I can already hear the cries of Alfa purists from afar, but hold on – this engine is genuinely good fun. The grunty motor slingshots you from apex to apex with a whoosh of turbo noise, accompanied by a faint turbo whine if you listen carefully. The extra torque plays out nicely on the daily commute too – the Giulietta easily held 100km/h up the freeway and through the tunnels in 6th gear, with two up and the a/c working overtime keeping us cool from the 41 degree afternoon.
The Giulietta is fitted with what Alfa calls its ‘DNA’ system, a toggle switch on the console that allows the driver to electronically change the character of the car. Selecting ‘Dynamic’ quickens the engine responsiveness, allows the turbo to feed the engine with maximum boost, increases steering feel, changes the settings of the tricky Q2 differential, and enables brake Pre-fill, a system which fills the brake lines with fluid in anticipation of braking, improving the immediacy of the 330mm Brembo brakes.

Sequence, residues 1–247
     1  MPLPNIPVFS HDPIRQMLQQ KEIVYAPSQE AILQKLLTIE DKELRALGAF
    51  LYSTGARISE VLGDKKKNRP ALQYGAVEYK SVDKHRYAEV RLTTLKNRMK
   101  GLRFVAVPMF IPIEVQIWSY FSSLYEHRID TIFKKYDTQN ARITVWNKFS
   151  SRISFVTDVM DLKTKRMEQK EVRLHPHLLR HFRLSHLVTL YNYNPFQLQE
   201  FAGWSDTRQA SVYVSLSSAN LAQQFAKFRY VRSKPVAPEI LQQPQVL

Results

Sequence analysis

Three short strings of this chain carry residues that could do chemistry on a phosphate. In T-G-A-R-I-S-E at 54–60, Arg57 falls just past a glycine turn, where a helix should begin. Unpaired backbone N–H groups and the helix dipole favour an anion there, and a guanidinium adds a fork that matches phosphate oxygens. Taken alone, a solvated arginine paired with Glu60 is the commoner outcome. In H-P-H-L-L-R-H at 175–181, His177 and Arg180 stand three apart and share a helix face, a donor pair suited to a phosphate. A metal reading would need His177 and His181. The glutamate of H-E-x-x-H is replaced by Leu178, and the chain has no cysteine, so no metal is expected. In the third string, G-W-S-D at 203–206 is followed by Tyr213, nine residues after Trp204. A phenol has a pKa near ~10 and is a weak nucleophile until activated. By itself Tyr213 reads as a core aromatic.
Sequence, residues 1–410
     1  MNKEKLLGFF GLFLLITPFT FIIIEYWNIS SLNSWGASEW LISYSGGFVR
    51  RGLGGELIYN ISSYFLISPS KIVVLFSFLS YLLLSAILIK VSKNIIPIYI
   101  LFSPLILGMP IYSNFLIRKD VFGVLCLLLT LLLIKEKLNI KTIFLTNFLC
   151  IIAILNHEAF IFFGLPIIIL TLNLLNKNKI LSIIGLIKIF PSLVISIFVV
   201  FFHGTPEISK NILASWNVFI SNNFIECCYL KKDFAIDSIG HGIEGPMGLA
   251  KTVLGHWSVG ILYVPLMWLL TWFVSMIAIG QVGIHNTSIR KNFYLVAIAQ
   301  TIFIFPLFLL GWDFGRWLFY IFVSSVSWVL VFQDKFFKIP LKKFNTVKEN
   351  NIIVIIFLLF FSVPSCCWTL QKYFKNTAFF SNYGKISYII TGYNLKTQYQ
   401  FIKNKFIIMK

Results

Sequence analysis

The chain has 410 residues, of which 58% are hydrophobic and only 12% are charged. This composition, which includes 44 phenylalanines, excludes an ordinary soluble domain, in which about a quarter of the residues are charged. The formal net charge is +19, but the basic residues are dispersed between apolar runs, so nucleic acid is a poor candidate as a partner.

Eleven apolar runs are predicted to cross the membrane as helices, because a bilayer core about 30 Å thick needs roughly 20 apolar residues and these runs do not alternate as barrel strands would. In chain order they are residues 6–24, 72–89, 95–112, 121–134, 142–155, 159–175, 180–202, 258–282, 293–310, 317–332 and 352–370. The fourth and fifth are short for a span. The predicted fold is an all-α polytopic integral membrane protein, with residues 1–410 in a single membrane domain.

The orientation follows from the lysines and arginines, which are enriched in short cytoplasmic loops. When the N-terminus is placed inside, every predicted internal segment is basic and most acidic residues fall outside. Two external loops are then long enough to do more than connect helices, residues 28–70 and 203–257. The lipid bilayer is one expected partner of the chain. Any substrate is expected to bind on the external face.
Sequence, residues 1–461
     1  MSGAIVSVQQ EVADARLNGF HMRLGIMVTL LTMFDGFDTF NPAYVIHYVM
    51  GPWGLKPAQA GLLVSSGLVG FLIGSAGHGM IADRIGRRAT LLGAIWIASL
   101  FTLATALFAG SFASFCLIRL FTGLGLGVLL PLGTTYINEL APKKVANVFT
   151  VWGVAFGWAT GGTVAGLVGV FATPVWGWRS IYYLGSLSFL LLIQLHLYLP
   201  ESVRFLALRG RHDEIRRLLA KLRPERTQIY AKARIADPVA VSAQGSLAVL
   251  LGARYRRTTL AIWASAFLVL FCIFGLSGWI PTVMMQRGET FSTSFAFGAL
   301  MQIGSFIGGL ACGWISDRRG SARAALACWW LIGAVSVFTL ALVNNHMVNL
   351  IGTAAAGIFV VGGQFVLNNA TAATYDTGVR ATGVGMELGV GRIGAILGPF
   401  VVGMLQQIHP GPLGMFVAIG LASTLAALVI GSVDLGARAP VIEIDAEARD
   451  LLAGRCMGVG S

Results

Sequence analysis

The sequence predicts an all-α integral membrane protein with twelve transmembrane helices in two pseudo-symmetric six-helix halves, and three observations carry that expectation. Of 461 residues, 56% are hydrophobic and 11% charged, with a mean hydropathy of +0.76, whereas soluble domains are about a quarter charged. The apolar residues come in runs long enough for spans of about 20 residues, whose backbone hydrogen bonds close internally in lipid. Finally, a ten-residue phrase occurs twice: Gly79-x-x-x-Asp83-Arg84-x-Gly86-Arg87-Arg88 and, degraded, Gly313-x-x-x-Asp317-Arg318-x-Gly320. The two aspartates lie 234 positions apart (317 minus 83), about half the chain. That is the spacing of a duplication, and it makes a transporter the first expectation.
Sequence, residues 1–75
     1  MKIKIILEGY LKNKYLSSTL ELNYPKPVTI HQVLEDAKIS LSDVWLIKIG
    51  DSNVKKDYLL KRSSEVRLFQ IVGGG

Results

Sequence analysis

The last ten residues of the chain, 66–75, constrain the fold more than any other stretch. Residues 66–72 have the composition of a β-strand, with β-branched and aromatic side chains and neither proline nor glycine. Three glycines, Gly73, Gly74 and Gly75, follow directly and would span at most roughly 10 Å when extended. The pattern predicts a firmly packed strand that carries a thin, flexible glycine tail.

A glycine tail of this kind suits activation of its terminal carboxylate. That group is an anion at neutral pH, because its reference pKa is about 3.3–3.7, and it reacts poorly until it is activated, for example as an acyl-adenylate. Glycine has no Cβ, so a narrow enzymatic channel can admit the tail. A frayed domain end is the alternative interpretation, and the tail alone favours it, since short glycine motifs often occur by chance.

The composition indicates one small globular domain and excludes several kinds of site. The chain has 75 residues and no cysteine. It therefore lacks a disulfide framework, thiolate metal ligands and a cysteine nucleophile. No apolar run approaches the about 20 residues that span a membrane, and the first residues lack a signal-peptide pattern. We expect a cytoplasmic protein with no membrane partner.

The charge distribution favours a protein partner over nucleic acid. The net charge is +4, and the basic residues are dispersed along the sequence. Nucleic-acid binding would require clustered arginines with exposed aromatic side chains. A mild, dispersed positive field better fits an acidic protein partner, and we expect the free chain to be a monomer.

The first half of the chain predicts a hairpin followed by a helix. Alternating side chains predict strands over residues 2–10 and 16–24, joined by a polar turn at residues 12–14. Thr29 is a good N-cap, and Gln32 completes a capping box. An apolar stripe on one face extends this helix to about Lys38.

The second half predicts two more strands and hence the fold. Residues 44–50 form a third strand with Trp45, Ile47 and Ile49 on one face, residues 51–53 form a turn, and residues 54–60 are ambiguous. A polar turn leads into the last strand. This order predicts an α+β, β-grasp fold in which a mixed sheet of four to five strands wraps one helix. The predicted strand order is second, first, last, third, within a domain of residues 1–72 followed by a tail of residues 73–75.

Until now I’ve never really understood the point of systems like DNA – why would you ever want anything but maximum power and responsiveness, I reasoned. But in the real world the racy Dynamic mode is actually not that great around town; it’s harder to drive smoothly and it uses more fuel. Normal mode is exactly what you want when you’re just driving to the shops.